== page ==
It's a mistake to see yourself on the monitor. Especially when you're live on CNN. What you see on a CNN monitor, because of the way the signal is relayed by satellite, is yourself an instant ago. It's bad enough to see yourself as the world is seeing you now. To see yourself as the world saw you in the immediate past is to see yourself tantalizingly just beyond any hope of redemption. Once I saw a guy reporting live from the field on CNN and you could see the monitor behind him, showing him as he was in the previous moment. Presumably within the image on that monitor was another monitor, and within the image on that monitor ... If I'd had a big enough screen and a strong enough magnifying glass, I guess I could have looked all the way back to an afternoon in 1927 or so when Philo T. Farnsworth, of Beaver, Utah, got his "dissector tube" -- the first working model of what we now know as television -- up and running.

MY first television exposure was local, in Atlanta: the Woody Willow show. Woody was a puppet, who was entirely up-front about being made of wood. His friend, oddly enough (perhaps there was some implicit lesson about disparate types getting along), was Tillie the Termite. Then, too, there was Officer Don, a human being. Officer Don was good. I believe the only reason he never went on to the national level, aside from there perhaps being room in the culture for only one Buffalo Bob and one Captain Kangaroo, was that he chose to put down roots in the Atlanta area.

I watched the Woody Willow show every afternoon, I ate Peter Paul's chocolate-covered coconut-almond bars because of it, and one year my mother arranged for me to have my birthday party on it. My friends and I, and another party of kids, were all visible on the set. Are there TV shows like that anymore, or has Barney taken over? Woody called me up to one side of his little booth and asked how old I was. I answered (how distinctly, we will never know for sure -- there was no taping back then), "Nine."

"Nine rhymes with just fine," said Woody.

Then he hopped over to the other side of his little booth and asked the show's other birthday celebrant, "And how old are you, Sharon Lynn?" or whatever her name was, and she said, "Eight."

"Well," he said, "you're not hurting yourself much either, are you?"

She blinked. An odd thing for a puppet to say to a child. As if whoever did Woody's voice (I have no recollection of the mechanics involved) had drifted out of kiddie-show context for a moment. It occurs to me now that Woody and Tillie picked on each other a lot. Tears welled up in the birthday girl's eyes and she ran to her mother. Some of the kids in the peanut gallery tittered. I felt a measure of sympathy for her, but I was a year older, and furthermore it seemed to me that she might have risen to the occasion. I was accustomed to obscurely inappropriate vibes. At home my mother shared with me more of her life's tensions than I would ever know what to make of, and my father kept too much to himself. At school I had trouble figuring out what the social deal was. Here you could deflect ironies toward an impartial audience.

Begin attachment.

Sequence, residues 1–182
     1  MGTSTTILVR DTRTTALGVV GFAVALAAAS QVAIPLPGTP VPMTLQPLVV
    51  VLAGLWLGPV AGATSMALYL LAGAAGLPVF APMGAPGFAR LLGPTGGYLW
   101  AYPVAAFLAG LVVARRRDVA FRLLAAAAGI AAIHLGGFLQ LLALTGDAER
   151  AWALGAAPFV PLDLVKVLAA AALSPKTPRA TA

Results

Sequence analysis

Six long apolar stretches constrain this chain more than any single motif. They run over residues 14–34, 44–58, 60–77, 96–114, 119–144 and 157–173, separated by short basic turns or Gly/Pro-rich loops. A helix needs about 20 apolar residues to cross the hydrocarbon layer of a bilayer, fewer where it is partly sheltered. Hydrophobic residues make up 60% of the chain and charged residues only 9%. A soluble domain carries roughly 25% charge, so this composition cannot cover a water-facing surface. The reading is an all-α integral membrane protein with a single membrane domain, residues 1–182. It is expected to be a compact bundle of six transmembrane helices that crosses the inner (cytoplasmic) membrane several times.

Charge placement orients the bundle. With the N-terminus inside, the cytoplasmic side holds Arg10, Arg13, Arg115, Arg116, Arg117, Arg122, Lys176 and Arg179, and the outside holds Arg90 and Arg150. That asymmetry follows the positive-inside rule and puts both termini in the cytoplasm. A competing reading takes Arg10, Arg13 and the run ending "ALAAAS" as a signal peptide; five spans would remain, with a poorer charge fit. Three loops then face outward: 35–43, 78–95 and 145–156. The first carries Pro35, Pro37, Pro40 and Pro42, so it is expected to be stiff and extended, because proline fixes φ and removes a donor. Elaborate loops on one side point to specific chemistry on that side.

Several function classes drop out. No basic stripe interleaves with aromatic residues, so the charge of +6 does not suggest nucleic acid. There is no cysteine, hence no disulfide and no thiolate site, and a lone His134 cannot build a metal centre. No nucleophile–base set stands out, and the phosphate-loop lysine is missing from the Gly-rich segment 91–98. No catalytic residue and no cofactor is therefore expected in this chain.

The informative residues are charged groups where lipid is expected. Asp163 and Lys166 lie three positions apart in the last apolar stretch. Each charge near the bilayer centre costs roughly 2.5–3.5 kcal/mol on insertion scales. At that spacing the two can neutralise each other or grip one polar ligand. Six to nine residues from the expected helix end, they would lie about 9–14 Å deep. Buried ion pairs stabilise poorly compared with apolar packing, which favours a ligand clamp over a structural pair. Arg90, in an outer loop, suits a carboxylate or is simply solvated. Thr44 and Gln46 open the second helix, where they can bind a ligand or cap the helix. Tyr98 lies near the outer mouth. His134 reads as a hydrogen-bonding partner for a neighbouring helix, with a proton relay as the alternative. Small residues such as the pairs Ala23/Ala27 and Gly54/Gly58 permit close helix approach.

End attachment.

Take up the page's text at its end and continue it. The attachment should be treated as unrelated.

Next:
My father was good at addressing groups, and my mother had introduced me to performance when I was five. At her behest I had memorized recitations -- "The Night Before Christmas," "Life Gets Teejus, Don't It?" -- and delivered them at church-lady gatherings. To good effect, I believe: I don't recall any heckling. Later I lost confidence in my mother's production values, when she talked me into wearing one of her blouses as part of a Three Musketeers costume. But I never stopped feeling comfortable -- relieved, in fact -- in front of an audience, as opposed to one-on-one with, say, a woman wanting to discuss our relationship. As I returned to my seat on the set among the other kids, I was thinking that I was one of those people who would always be better on television than Sharon Lynn.

My next appearance was thirty years later -- on Dick Cavett's show, when he was on public TV five nights a week. It was 1980, and I was promoting my book Crackers. We had a brief, odd, sidelong conversation before the taping (he liked my book, I remember him saying, but he hated the tie he was wearing), and then I made my national television debut. Went quite well. You might have thought we'd been chatting like this for years. At the end, when the cameras pulled back, and the credits were undoubtedly rolling over us as we leaned toward each other confidentially and no one could hear what we were saying, what I said was, "I always wondered what the guest and the host were saying at this point."